A simple orange-peel vinegar cleaner recipe includes mixing four orange peels with white-wine vinegar and letting it ferment in a mason jar for about three weeks. Strain the peels and pour the liquid into a spray bottle with equal parts of water. You could add a few drops of your favorite essential oil, too.

If you don’t want a homemade product, there are plenty of natural products on the market, but you should do your homework because there aren’t federal regulations that certify housekeeping cleaners as organic.

Use Plants to Detoxify the House

Did you know that indoor air pollution can be as much of an issue as the kind we face outdoors? Fortunately, there's an easy way to battle these pollutants — houseplants. Houseplants are a fantastic way to purify the air in your home and add a touch of nature at the same time. If you’d like to give your home a breath of fresh air, consider bringing in one of the following toxin-fighting plants:

  • Aloe Vera

  • Bamboo Palm

  • Barberton Daisy

  • Boston Fern

  • Broad Lady Palm

  • Chinese Evergreen

  • Chrysanthemum

  • English Ivy

  • Garden Mum

  • Heart Leaf Philodendron

  • Peace Lily

  • Red-edged Dracaena

  • Snake Plant

  • Spider Plant

  • Weeping Fig

If this is your first time taking care of indoor plants, don’t panic. Most of the plants on this list are extremely easy to care for. If you have pets, please look for ones that are pet safe before going on a plant-collecting spree. As long as you do your research, keep them in the right light, and water according to their needs, everything will be fine!

Little Ways to Save Water

Most of the developed world has been fortunate enough to have access to a steady supply of clean water. It’s a privilege that many of us take for granted. However, with attention turning to a future where we’ll all be facing water scarcity, more and more people are trying to figure out how they can conserve water on a daily basis. If you’re looking to save water at home, here are seven simple ways to do so:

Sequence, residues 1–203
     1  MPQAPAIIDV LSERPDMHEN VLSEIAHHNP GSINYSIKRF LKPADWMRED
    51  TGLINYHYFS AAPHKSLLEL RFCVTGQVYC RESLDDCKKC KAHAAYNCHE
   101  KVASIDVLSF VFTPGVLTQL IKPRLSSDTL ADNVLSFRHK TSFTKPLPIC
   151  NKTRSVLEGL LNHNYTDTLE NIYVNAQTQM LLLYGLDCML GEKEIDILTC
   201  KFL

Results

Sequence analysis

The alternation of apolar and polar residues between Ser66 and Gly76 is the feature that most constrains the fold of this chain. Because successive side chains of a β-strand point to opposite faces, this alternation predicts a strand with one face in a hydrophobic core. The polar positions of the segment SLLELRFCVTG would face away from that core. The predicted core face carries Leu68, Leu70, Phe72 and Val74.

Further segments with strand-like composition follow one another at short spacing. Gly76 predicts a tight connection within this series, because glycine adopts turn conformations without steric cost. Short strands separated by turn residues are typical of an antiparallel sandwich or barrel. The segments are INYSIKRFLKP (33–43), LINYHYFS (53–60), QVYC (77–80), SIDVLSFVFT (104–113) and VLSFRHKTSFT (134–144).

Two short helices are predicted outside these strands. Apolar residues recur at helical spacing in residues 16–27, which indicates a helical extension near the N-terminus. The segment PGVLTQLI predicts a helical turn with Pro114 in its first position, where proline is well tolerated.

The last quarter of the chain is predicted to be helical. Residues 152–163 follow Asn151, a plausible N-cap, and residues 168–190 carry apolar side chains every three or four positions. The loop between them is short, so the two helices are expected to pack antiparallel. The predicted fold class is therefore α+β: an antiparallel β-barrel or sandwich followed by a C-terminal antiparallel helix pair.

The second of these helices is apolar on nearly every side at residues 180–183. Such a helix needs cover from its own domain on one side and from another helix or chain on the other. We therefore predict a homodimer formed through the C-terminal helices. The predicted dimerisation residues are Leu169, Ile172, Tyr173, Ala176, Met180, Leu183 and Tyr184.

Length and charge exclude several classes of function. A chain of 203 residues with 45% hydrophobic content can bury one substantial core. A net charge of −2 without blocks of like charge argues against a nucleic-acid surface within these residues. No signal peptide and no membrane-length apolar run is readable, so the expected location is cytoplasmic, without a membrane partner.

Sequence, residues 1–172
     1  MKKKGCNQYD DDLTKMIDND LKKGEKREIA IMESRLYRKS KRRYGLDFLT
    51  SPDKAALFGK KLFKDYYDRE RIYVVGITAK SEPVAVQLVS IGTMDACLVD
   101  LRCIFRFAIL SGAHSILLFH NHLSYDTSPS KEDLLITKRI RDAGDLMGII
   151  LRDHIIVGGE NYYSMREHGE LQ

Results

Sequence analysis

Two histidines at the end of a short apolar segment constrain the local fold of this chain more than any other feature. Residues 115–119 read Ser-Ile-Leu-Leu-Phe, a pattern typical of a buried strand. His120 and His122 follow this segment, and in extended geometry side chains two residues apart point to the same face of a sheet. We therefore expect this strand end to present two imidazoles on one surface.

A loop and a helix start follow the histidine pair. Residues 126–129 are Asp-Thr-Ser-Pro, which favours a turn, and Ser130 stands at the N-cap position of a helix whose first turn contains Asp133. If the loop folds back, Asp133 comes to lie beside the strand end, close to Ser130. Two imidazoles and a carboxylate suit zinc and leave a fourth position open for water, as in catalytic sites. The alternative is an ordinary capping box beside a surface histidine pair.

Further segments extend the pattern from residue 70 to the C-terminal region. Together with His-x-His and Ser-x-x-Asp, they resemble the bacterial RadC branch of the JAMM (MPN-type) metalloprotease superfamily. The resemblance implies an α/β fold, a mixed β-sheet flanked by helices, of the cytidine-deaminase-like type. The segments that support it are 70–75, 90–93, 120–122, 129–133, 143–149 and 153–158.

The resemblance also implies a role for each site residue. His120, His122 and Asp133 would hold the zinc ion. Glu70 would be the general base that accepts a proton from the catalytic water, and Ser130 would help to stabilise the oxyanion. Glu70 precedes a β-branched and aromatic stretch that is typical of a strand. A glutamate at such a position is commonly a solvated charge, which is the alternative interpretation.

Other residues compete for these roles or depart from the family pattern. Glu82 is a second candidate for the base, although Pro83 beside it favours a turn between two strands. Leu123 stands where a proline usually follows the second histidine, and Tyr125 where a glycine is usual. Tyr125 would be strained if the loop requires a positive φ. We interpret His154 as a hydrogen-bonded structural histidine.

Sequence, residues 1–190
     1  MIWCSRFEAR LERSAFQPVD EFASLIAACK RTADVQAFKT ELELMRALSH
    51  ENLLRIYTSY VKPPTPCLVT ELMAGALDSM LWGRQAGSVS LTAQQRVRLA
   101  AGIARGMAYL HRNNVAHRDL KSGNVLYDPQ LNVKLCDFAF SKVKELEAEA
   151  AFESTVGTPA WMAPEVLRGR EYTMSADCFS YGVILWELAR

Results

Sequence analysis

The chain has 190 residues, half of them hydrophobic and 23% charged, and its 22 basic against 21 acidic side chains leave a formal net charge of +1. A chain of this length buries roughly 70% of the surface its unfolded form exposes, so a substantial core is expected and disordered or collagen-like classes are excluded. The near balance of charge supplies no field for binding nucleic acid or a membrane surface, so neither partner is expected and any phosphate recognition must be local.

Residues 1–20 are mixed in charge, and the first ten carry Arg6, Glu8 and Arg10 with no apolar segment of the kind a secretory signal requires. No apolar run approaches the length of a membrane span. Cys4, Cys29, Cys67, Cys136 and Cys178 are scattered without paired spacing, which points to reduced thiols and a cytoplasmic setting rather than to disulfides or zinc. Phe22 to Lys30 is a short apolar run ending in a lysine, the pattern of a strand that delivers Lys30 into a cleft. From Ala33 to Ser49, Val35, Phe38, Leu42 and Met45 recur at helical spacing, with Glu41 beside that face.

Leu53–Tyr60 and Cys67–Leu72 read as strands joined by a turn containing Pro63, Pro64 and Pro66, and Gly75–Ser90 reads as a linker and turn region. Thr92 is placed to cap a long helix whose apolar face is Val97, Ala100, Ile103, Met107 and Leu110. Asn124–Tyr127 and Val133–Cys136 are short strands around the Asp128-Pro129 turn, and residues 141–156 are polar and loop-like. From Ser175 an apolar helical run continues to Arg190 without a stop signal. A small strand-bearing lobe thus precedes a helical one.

• Reuse your dehumidifier water: If you use a dehumidifier in your home (hello damp basements!), you can reuse the water it collects to water your plants!

  • Wash your fruits and vegetables in a pot of water: Instead of washing your produce under a running faucet, scrub them in a pot of water. You’ll be doing double water-saver duty by keeping too much from going down the drain and reusing the water in the pot to feed your plants.

  • Reuse your cooking water: If you regularly boil veggies or pasta, you can save the water you usually strain and drain for use in a vegetable stock, bucket flushing, or for watering your plants.

  • Take a bucket into the shower: Use a bucket to collect the cold water that normally goes down the drain while you’re waiting for the shower water to warm up. The collected water can be used for bucket flushing or watering your lawn and garden!

  • Water wisely: Water your outdoor plants in the early morning to keep water from immediately evaporating in sunlight and heat. Make sure to wet the soil directly so that the water goes straight to the roots.

  • Catch rainwater: Install a rainwater barrel and use what you catch to water you to feed your lawn and garden.

  • Turn off the tap: Brushing your teeth and shave using water when you absolutely need it. 

There are plenty of small things you can do in the upcoming year to go green, some of which have to do with developing new habits. Once you get into the habit of remembering to bring your recyclable grocery bags to the store, it eventually becomes second nature. The same goes for composting your kitchen scraps. Those are two easy steps you can take to reduce your carbon footprint. Plus, embrace some of the tips above for a more complete lifestyle change.